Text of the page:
Estimation of genetic variability in two maize populations

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1987
Authors
Reeder, L. R.
Hallauer, A. R.
Lamkey, K. R.
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Lamkey, Kendall
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Agronomy

The Department of Agronomy seeks to teach the study of the farm-field, its crops, and its science and management. It originally consisted of three sub-departments to do this: Soils, Farm-Crops, and Agricultural Engineering (which became its own department in 1907). Today, the department teaches crop sciences and breeding, soil sciences, meteorology, agroecology, and biotechnology.

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The Department of Agronomy was formed in 1902. From 1917 to 1935 it was known as the Department of Farm Crops and Soils.

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1902–present

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  • Department of Farm Crops and Soils (1917–1935)

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Abstract

Reciprocal full-sib selection (FR) for yield improvement was conducted in the BS 10 and BS 11 maize (Zea mays L.) populations. Our objectives were to evaluate the effects of six cycles of reciprocal full-sib selection in BS 10 and BS 11 and to determine what changes had occurred in the magnitudes of additive and dominance variance resulting from six cycles of selection. Grain yield of full-sib progenies increased 6.3 percent in BS 10 and 5.7 percent in BS 11 from CO to C6. Grain yield of S1 lines increased 11.6 percent in BS 10 and 26.3 percent in BS11 from C0 to C6. Estimates of additive genetic variance suggested a decrease from the C0 to C6 of BS 10 and BS 11 for yield and stalk lodging and an increase for ears per plant from BS 10C0 to BS10 (FR) C6. Estimates of dominance variance generally increased, but decreases were observed for yield and stalk lodging in BS11. The changes in the estimates of genetic variances suggest genetic variability was reduced with selection but most of the changes were small and statistically nonsignificant.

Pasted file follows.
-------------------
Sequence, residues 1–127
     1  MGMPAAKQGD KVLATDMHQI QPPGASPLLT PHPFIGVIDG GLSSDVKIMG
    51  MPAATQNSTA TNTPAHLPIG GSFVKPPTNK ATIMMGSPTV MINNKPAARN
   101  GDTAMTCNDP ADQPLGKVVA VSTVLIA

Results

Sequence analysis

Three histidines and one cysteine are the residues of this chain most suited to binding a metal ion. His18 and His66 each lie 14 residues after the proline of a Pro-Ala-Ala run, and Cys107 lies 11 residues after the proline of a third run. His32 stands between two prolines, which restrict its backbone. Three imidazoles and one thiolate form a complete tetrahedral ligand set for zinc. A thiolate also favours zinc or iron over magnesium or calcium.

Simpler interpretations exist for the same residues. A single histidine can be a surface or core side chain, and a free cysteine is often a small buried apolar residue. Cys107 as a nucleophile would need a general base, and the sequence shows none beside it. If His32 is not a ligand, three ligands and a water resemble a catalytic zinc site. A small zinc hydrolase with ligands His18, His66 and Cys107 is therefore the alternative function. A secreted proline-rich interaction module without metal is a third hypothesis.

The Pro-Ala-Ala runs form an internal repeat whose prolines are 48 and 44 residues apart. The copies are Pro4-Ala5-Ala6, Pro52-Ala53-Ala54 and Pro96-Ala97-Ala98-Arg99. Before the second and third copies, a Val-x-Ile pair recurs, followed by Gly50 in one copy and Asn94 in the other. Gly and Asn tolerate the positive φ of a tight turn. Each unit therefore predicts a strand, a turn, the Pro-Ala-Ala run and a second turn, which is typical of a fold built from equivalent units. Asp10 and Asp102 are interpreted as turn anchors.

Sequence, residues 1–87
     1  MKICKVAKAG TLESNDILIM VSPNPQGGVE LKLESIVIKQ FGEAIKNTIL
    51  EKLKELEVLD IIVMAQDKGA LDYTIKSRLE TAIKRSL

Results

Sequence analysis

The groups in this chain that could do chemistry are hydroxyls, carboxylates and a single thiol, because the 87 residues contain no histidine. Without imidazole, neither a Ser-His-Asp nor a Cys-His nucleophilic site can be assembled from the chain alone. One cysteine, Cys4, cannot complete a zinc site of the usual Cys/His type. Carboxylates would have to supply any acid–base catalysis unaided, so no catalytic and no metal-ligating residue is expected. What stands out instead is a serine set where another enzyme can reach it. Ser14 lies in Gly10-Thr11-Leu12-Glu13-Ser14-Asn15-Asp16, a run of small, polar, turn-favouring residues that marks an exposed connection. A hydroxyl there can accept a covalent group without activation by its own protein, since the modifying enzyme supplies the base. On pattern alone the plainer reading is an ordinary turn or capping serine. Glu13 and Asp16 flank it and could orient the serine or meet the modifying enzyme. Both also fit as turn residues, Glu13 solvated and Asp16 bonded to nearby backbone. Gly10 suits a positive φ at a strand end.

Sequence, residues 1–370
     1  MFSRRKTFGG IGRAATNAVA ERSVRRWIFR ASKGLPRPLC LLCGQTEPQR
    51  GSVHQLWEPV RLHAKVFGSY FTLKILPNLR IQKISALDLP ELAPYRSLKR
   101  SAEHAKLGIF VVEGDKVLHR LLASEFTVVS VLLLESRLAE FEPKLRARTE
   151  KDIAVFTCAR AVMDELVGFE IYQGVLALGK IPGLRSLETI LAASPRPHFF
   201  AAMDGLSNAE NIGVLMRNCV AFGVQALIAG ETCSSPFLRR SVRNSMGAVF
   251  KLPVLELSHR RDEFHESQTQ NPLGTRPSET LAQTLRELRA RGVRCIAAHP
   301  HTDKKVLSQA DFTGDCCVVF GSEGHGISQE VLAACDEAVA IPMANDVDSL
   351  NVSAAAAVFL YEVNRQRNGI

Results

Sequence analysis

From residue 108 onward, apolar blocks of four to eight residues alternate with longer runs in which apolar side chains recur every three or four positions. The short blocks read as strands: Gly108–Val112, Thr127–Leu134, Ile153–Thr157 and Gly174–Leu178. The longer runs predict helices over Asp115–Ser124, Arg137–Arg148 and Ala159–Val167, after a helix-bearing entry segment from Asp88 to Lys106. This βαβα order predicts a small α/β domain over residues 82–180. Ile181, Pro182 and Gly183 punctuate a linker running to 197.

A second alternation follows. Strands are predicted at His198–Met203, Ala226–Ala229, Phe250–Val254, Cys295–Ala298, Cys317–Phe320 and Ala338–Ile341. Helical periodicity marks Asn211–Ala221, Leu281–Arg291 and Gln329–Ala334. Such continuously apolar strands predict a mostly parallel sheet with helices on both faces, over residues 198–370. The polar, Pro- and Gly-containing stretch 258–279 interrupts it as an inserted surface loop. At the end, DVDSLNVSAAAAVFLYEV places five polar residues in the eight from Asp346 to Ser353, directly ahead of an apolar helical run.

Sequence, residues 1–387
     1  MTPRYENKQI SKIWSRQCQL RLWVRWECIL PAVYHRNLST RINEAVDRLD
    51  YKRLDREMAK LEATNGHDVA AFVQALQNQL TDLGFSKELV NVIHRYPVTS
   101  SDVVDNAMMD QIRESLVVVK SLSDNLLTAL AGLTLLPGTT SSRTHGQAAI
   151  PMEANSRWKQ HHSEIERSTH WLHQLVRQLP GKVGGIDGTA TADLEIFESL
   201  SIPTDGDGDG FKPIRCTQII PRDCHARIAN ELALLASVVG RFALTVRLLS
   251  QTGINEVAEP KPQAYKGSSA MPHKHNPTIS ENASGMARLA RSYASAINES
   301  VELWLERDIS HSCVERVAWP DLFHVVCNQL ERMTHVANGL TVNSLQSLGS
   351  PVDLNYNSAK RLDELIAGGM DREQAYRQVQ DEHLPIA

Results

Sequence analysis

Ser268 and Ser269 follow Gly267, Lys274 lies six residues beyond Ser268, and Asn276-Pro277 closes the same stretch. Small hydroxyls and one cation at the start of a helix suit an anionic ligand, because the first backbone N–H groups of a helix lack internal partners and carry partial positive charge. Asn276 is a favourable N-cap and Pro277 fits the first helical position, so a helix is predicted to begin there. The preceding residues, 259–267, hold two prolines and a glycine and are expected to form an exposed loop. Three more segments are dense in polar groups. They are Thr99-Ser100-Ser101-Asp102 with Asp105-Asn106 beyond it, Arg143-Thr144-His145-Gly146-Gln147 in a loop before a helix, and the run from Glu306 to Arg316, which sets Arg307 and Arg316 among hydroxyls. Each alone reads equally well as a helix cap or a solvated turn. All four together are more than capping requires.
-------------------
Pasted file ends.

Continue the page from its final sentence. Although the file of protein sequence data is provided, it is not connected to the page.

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This article is published as Reeder Jr, L. R., A. R. Hallauer, and K. R. Lamkey. "Estimation of genetic variability in two maize populations." Journal of Heredity 78, no. 6 (1987): 372-376.doi: 10.1093/oxfordjournals.jhered.a110419. Posted with permission.

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